I mean c'mon how many Romanians really want to visit the US to see 'our beautiful country'. Romanian girls are hot though. So I say we should let all the pretty girls in in as long as their boyfriends and husbands are denied entry. The US is hardly the only country that does this to citizens of poor countries. It's a common policy all over the world. It's not hard to see the logic. Regardless of what they say maybe 7 out of 10 probably won't leave once they arrive. Or at least not until they've made a lot of money working illegally.

Comment Re:No surprise... (Score -1, Flamebait) 224

Every company does this

If by 'everybody' you mean sociopathic and evil corporations then yes you are correct. Corporations should be abolished. Their behavior is indistinguishable from the worst sorts of human beings.

Price gouging is not necessary and what's to stop consumers from voting for laws that make it illegal? After all if there are no rules then why should the public not follow the same logic that the corporations do and follow their own self-interest? If their is no fairness and only self-interest and it is every man for himself then fuck the corporations. Am i right?

If they have shown that they cannot and will not behave in an honorable manner then why shouldn't society force them to do so? If they themselves do not believe in any sort of principle other than self-interest they certainly cannot complain about it when the rest of us do the same. How about a law making any profit margin greater than 5% illegal and punishable by prison time?

Comment wtf does it mean to turn off admin rights (Score 1) 238

Is there like a switch? An "Admin Rights" checkbox somewhere? Maybe not a bad idea but I haven't seen anything like that. Did I just miss it? I'm still using Windows 7 so maybe this switch is a new feature in Windows 10. If the author meant that a user should run as Standard (unprivileged) User and not as an Administrator then maybe he should have said that. It is not as simple as just turning something on or off. If you are running as an Administrator you would probably want to actually create a new standard user account and start using that and that may require reinstalling some of your applications.

I'm guessing the guy who wrote that article doesn't use Windows and so does not realize that it just doesn't work that way. One of the greatest advantages of Windows 7 over XP was the relative ease of running as non-admin and a lot of software had to be changed to allow for the possibility that a user might be running it without full admin rights. I'm sure there is still some older software (games for instance) that require full admin privileges to run, but you can just switch to an admin account to run those.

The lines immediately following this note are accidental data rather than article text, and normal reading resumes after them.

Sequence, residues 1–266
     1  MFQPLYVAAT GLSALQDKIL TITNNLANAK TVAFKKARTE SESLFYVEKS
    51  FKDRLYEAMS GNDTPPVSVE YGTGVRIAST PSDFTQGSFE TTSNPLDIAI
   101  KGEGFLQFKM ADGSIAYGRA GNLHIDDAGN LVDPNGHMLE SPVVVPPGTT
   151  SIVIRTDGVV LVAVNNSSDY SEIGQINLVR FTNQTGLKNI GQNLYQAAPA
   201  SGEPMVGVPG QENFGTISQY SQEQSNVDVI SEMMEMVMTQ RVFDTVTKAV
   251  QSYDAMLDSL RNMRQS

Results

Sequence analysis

Unfortunately for me the VPN that I use has software that appears to run only from a full admin account. "Run As Admin" doesn't even work with it. So there is still some (bad) software out there that expects full admin rights unfortunately.

I guess it shouldn't need to be pointed out that Microsoft is one of the worst software companies out there and pretty much everything they do is wrong/stupid. Their attempt at getting Windows to work hassle free as a standard user was not a complete success. That people running as Admin is still a problem just highlights this.

Comment Re:No you dont (Score 2) 180

Where does the constitution specifically call out a right to breathe or to eat? The constitution is not a list of human rights. It's a list of things the government is allowed to do. If it isn't in the constitution it is the government and not the citizen that is prevented from acting.

In this case a police officer is the government. If the constitution does not specifically allow the police to confiscate cameras and harass citizens using them then they are not allowed to do so. But that is just theory. In practice they will often just beat you bloody, toss you in jail, and throw some false charges at you (cover charges). Or if you get particularly unlucky and the cop is having a bad day he might just shoot you or choke you to death or both.

American police are usually themselves dangerous criminals and fucking with them in any way is indistinguishable from doing the same to an armed and pissed off gang member except that the gang member knows he could end up going to jail if he kills you. The cop knows he will at worst get a short paid vacation. The police are basically a gang themselves but one that is immune to all prosecution.